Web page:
Select Publications

Efstathiou JA, Mouw K, Gibb E, Liu Y, Wu CL, Drumm M, da Costa JB, du Plessis M, Wang NQ, Davicioni E, Feng FY, Seiler R, Black PC, Shipley WU, Miyamoto DT. Impact of immune and stromal infiltration on outcomes following bladder-sparing trimodality therapy for muscle-invasive bladder cancer. European Urology. 2018, in revision.

Miyamoto DT, Lee RJ, Kalinich M, LiCausi J, Zheng Y, Chen T, Milner JD, Emmons E, Ho U, Broderick K, Silva E, Javaid S, Kwan TT, Hong X, Dahl DM, McGovern FJ, Efstathiou JA, Smith MR, Sequist LV, Kapur R, Wu CL, Stott SL, Ting DT, Giobbie-Hurder A, Toner M, Maheswaran S, Haber DA. An RNA-based digital circulating tumor cell signature is predictive of drug response and early dissemination in prostate cancer. Cancer Discovery. 2018; 8:288-303.

Saylor PJ, Lee RJ, Arora KS, Deshpande V, Hu R, Olivier K, Meneely E, Rivera MN, Ting DT, Wu CL, Miyamoto DT. Branched chain RNA in situ hybridization for androgen receptor splice variant AR-V7 as a prognostic biomarker for metastatic castration-sensitive prostate cancer. Clinical Cancer Research. 2017; 23:363-369.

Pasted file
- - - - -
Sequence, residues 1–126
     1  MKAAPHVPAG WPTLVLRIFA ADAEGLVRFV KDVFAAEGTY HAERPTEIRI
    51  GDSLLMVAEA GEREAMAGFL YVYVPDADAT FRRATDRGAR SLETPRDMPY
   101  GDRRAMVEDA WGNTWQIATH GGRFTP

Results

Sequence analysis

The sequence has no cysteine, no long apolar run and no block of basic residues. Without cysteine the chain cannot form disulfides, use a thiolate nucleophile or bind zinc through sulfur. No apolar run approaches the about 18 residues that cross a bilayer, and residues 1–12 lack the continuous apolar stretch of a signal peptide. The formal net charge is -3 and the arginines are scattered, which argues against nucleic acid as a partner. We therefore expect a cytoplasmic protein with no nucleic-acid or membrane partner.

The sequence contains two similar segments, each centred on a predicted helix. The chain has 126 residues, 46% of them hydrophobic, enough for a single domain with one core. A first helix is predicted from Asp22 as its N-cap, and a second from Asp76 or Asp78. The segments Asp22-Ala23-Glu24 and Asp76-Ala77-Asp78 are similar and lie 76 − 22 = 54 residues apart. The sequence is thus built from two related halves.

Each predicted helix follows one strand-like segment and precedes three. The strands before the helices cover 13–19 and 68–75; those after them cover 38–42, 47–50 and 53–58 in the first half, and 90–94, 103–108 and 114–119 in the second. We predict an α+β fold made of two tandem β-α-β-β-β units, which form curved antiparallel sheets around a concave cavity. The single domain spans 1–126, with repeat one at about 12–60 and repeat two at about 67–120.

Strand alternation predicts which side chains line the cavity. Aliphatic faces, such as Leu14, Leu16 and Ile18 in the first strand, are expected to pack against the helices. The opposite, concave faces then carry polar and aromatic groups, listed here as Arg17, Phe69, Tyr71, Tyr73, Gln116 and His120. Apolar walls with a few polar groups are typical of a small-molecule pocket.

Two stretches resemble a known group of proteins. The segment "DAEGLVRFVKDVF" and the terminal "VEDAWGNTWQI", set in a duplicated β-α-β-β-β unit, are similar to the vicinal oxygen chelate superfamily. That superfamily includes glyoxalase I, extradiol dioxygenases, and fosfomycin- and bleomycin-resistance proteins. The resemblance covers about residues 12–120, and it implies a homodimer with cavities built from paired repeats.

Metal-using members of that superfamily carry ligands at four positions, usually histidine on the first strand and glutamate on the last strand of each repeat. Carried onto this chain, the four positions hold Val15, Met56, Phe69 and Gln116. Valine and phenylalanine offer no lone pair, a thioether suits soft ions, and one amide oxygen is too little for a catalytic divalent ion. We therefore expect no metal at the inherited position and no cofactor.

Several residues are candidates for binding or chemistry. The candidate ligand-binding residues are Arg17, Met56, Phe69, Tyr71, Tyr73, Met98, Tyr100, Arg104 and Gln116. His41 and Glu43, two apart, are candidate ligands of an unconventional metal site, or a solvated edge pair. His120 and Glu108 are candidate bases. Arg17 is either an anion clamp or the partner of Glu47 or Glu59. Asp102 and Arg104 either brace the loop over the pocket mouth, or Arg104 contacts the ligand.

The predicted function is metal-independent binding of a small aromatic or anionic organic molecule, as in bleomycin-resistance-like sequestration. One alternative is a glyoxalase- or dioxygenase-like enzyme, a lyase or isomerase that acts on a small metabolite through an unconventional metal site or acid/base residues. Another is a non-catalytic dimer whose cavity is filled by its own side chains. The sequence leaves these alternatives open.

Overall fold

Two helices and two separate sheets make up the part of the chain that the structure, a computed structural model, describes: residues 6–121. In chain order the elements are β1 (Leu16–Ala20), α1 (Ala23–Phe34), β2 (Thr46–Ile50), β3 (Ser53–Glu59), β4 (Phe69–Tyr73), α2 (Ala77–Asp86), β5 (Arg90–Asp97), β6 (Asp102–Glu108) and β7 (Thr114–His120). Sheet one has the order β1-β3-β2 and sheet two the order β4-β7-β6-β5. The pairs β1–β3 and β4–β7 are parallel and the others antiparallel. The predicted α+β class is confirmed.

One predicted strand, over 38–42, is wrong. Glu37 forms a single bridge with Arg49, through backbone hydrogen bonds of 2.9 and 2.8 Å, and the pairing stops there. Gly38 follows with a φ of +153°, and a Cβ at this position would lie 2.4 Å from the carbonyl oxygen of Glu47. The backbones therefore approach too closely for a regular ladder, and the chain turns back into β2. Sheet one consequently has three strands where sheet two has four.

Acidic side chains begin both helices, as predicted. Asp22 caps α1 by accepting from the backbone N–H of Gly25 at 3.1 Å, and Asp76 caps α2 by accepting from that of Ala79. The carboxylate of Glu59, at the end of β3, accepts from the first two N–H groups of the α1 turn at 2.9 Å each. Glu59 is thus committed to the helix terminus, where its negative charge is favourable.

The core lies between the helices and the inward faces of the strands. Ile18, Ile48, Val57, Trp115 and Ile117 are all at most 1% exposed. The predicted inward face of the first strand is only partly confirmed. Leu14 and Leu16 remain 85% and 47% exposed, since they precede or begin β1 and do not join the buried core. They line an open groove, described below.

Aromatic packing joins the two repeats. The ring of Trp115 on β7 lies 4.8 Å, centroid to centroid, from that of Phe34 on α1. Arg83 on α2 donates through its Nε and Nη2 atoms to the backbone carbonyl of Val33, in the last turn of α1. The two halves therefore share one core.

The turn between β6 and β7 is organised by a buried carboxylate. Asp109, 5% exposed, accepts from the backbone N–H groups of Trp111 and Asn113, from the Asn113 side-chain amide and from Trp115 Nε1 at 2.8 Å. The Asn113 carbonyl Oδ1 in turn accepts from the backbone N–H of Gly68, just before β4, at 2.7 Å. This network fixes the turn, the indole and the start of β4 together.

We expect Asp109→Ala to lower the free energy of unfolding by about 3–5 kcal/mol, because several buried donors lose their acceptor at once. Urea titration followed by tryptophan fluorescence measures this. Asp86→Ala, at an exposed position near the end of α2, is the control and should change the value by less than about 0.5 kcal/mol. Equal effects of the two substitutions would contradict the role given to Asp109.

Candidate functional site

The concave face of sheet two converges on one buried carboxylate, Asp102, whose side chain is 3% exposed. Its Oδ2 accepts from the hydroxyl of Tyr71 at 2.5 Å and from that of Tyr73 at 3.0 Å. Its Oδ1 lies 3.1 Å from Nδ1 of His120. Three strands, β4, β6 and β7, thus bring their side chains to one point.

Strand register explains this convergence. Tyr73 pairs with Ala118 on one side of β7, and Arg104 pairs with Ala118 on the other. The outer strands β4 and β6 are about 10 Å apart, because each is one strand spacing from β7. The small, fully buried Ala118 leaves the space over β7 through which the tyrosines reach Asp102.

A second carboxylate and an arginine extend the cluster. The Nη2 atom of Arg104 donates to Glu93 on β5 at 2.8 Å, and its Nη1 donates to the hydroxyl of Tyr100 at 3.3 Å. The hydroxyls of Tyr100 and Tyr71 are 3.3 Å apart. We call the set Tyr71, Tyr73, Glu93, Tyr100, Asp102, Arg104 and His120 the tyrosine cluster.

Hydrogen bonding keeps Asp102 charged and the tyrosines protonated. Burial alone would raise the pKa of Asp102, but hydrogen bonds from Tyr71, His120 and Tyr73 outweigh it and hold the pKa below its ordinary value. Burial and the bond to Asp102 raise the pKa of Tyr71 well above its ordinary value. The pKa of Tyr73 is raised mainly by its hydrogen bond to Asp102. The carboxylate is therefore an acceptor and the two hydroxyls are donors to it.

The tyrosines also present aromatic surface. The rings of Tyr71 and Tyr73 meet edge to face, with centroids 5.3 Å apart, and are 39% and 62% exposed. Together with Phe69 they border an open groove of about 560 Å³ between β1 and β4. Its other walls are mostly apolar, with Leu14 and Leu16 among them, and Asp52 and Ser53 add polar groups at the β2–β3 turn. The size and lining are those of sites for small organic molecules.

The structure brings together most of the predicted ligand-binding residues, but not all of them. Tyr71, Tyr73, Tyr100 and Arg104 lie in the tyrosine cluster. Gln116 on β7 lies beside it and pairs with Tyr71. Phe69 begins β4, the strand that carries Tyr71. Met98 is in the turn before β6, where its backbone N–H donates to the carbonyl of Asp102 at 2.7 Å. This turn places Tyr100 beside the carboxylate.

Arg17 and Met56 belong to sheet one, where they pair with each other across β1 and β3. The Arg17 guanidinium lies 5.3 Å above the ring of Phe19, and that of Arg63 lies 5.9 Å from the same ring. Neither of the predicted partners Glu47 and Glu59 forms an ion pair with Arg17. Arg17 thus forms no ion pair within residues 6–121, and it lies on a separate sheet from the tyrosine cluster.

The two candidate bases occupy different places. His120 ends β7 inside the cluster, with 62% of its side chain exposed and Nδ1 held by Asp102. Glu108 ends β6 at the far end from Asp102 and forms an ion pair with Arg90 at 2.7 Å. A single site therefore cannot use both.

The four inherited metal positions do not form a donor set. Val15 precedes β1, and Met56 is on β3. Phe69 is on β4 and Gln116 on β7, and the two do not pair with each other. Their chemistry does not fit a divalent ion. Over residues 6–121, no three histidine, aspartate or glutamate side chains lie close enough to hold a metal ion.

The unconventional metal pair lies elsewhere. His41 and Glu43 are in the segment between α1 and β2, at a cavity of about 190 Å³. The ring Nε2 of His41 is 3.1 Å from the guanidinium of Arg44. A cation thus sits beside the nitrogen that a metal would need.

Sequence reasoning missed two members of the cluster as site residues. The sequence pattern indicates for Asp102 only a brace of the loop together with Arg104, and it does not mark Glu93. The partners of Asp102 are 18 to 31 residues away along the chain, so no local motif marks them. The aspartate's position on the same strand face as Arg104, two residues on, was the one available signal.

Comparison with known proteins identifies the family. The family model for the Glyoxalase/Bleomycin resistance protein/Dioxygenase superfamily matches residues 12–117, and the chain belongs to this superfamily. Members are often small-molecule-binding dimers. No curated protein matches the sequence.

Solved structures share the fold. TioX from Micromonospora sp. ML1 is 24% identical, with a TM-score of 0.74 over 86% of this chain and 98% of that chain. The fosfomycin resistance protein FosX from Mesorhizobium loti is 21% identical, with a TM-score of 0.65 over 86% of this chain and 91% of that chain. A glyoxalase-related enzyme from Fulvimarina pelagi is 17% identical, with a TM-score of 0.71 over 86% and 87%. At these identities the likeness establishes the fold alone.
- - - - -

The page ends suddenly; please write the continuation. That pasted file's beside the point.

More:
Zheng Y*, Miyamoto DT*, Wittner BS, Sullivan JP, Aceto N, Jordan NV, Yu M, Karabacak NM, Comaills V, Morris R, Desai R, Desai N, Emmons E, Lee RJ, Wu CL, Sequist LV, Haas W, Ting DT, Toner M, Ramaswamy S, Maheswaran S, Haber DA. Expression of ß-globin by cancer cells promotes cell survival during dissemination. Nature Communications. 2017; 8:14344.

Miyamoto DT, Zheng Y, Wittner BS, Lee RJ, Zhu H, Broderick KT, Desai R, Fox DB, Brannigan BW, Trautwein J, Arora KS, Desai N, Dahl DM, Sequist LV, Smith MR, Kapur R, Wu CL, Shioda T, Ramaswamy S, Ting DT, Toner M, Maheswaran S, Haber DA. RNA-Seq of single prostate CTCs implicates noncanonical Wnt signaling in antiandrogen resistance. Science. 2015; 349:1351-1356.

Miyamoto DT, Sequist LV, Lee RJ. Circulating Tumor Cells – Monitoring Treatment Response in Prostate Cancer. Nature Reviews Clinical Oncology. 2014; 11(7):401-12.

*co-first authors